Public Assistance, Drug Testing, and the Law: The Limits of Population-Based Legal Analysis
Candice T. Player
University of Pennsylvania Law School & the Department of Medical Ethics and Health Policy, Perelman School of Medicine at the University of Pennsylvania
American Journal of Law and Medicine, Vol. 40, Pg. 26, 2014
U of Penn Law School, Public Law Research Paper No. 14-17
In Populations, Public Health and the Law, legal scholar Wendy Parmet urges courts to embrace population-based legal analysis, a public health inspired approach to legal reasoning. Parmet contends that population-based legal analysis offers a way to analyze legal issues — not unlike law and economics — as well as a set of values from which to critique contemporary legal discourse. Population-based analysis has been warmly embraced by the health law community as a bold new way of analyzing legal issues. Still, population-based analysis is not without its problems. At times, Parmet claims too much territory for the population perspective. Moreover, Parmet urges courts to recognize population health as an important norm in legal reasoning. What should we do when the insights of public health and conventional legal reasoning conflict? Still in its infancy, population-based analysis offers little in the way of answers to these questions. This Article applies population-based legal analysis to the constitutional problems that arise when states condition public assistance benefits on passing a drug test, thereby highlighting the strengths of the population perspective and exposing its weaknesses.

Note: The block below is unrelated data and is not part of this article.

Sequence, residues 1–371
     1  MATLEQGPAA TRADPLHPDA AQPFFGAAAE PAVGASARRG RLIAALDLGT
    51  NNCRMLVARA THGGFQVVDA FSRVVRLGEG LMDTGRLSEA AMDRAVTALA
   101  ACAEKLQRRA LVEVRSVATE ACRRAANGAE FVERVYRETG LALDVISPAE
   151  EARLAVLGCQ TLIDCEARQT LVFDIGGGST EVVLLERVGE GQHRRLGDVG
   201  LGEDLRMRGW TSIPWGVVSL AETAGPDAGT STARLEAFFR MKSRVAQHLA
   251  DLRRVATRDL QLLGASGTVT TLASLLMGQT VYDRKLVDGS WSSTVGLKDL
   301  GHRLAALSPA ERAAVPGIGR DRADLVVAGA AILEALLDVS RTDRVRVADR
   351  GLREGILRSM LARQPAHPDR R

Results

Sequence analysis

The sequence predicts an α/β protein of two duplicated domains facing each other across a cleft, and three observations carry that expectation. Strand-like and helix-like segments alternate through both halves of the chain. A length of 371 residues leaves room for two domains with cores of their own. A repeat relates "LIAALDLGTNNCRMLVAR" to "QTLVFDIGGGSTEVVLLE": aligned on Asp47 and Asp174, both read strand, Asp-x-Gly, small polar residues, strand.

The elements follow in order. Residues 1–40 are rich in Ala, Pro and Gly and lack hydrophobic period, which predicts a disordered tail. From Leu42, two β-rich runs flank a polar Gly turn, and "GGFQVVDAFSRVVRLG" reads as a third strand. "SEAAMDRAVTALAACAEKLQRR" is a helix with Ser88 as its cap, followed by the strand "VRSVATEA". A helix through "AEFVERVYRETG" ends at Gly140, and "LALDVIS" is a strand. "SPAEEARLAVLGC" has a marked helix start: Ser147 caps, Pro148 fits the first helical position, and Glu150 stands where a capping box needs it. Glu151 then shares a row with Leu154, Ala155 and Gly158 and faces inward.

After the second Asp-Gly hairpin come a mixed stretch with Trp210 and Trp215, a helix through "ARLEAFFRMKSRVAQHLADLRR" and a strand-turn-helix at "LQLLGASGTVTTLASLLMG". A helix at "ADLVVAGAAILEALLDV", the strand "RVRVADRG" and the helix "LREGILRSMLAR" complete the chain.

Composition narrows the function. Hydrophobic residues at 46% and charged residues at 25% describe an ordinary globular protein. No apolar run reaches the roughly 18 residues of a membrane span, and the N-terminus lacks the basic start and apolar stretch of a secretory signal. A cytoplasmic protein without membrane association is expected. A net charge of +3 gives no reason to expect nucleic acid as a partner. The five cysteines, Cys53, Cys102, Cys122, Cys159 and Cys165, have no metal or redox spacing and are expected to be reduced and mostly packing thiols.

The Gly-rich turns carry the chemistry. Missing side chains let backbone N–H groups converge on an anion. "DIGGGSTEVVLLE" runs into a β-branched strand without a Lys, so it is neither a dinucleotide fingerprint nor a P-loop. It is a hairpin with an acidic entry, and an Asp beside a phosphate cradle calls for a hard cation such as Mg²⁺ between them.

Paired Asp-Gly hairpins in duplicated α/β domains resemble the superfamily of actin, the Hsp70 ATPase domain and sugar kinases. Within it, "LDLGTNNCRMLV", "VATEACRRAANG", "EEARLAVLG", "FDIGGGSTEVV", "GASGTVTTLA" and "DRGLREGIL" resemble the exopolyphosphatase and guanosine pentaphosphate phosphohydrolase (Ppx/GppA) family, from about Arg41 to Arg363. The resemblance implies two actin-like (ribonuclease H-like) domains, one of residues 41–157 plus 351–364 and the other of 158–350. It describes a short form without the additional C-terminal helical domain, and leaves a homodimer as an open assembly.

Number of Pages in PDF File: 60
Keywords: poverty law, health law & policy, public health, social welfare law, public assistance, drug testing, constitutional law, population-based legal analysis, Temporary Assistance to Needy Families, TANF, intrusiveness, privacy, reasonable suspicion of illegal drug useAccepted Paper Series
Date posted: April 18, 2014
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